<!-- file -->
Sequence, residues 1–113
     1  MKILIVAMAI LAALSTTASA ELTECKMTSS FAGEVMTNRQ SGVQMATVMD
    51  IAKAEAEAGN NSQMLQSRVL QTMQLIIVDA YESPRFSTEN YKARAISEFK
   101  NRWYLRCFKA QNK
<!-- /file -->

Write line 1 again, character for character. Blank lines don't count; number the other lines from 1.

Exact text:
Sequence, residues 1–113